A Revolution in Eating: How the Quest for Food Shaped America
James E. McWilliams
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Sugar, pork, beer, corn, cider, scrapple, and hoppin' John all became staples in the diet of colonial America. The ways Americans cultivated and prepared food and the values they attributed to it played an important role in shaping the identity of the newborn nation. In A Revolution in Eating, James E. McWilliams presents a colorful and spirited tour of culinary attitudes, tastes, and techniques throughout colonial America.
Confronted by strange new animals, plants, and landscapes, settlers in the colonies and West Indies found new ways to produce food. Integrating their British and European tastes with the demands and bounty of the rugged American environment, early Americans developed a range of regional cuisines. From the kitchen tables of typical Puritan families to Iroquois longhouses in the backcountry and slave kitchens on southern plantations, McWilliams portrays the grand variety and inventiveness that characterized colonial cuisine. As colonial America grew, so did its palate, as interactions among European settlers, Native Americans, and African slaves created new dishes and attitudes about food. McWilliams considers how Indian corn, once thought by the colonists as "fit for swine," became a fixture in the colonial diet. He also examines the ways in which African slaves influenced West Indian and American southern cuisine.
While a mania for all things British was a unifying feature of eighteenth-century cuisine, the colonies discovered a national beverage in domestically brewed beer, which came to symbolize solidarity and loyalty to the patriotic cause in the Revolutionary era. The beer and alcohol industry also instigated unprecedented trade among the colonies and further integrated colonial habits and tastes. Victory in the American Revolution initiated a "culinary declaration of independence," prompting the antimonarchical habits of simplicity, frugality, and frontier ruggedness to define American cuisine. McWilliams demonstrates that this was a shift not so much in new ingredients or cooking methods, as in the way Americans imbued food and cuisine with values that continue to shape American attitudes to this day.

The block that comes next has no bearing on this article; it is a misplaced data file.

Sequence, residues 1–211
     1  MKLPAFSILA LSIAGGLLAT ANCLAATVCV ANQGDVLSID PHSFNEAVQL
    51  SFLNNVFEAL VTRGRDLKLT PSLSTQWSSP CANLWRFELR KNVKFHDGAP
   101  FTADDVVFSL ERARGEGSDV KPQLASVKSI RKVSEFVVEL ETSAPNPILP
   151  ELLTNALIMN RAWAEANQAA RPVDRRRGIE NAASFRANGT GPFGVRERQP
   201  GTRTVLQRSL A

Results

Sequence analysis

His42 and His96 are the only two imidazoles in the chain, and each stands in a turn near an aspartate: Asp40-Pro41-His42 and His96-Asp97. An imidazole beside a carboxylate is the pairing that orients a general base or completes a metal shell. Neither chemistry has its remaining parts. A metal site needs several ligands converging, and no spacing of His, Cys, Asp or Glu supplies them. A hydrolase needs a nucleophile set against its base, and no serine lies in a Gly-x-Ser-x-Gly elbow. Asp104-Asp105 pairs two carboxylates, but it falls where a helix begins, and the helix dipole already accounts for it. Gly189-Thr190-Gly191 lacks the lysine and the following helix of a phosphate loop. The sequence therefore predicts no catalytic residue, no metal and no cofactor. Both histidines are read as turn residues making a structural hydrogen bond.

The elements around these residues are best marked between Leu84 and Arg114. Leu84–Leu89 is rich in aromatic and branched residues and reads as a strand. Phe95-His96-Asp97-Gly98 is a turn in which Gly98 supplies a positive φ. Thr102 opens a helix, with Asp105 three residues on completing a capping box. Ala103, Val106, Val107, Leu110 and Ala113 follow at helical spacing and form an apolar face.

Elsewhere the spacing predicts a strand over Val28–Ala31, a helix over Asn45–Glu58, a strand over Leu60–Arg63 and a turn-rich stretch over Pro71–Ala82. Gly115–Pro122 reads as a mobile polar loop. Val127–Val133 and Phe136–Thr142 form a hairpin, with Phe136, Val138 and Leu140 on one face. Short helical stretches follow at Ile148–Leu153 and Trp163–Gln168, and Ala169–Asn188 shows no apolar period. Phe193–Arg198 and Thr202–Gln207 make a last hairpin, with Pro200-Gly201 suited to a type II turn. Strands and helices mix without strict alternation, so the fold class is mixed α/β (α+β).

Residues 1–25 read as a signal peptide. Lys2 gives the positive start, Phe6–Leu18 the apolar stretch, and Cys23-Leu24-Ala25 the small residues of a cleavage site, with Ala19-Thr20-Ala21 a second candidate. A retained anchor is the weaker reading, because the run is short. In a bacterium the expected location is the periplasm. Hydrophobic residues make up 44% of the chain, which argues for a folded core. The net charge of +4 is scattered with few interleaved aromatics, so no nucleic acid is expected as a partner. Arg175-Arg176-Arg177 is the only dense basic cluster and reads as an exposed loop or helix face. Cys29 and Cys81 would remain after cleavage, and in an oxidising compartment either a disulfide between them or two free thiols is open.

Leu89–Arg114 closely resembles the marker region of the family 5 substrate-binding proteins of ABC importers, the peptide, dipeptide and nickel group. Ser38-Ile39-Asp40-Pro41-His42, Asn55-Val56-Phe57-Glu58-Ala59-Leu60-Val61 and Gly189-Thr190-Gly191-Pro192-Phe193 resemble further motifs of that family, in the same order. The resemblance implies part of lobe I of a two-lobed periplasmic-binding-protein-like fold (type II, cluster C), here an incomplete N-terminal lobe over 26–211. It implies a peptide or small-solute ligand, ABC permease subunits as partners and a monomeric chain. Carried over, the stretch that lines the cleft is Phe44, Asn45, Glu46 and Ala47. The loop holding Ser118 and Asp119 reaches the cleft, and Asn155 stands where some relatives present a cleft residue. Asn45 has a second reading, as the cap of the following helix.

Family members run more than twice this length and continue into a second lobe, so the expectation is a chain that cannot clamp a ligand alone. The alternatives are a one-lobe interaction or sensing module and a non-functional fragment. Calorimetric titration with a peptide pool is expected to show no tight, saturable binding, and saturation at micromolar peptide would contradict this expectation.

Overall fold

acceptance out on the British Empire’s remote but increasingly commodified frontier. And, indeed, these assessments of material accumulation have a clear ring of truth. If, as one historian of consumer culture posits, “material goods themselves contain implicit meanings and are therefore indicative of attitudes,”33 then the consumer revolution that swept across the North American colonies in the 1740s and 1750s allowed colonists burdened by the stereotype of provinciality to express their
increasingly itinerant population a warm and welcome place of comfort, transformed the consumption of food and drink from a private to a public activity, and provided the essential context for food and drink to mix with (increasingly heated) political discussion. Taverns were unusually democratic in the clientele that they served. Men, women, servants, and sometimes even free blacks frequented the local tavern with regularity, and taverns were hardly limited to the big cities, dotting the rural
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corn’s benefits were hardly newsworthy to his audience. Englishmen had been feeding corn to their livestock for over a century after maize had come to Europe from the New World, and the practice was, by the time of Winthrop’s visit, completely accepted by the average husbandman. Winthrop, however, had a different case to make. The earnest colonist rose before this august body and argued that Indian corn was not only, in the words of a leading English herbalist, food fit “for swine,” but food
slave diet. Whites generally ate what they wanted and what they could afford, while slaves choked down the leftovers. On many occasions, though, the meager space allotted to slaves allowed them some flexibility to shape their diet around inherited African traditions. A smattering of evidence makes the case that African American and African slaves took advantage of this window of opportunity to develop culinary habits distinct from the dominant white cultural traditions. The Chesapeake style of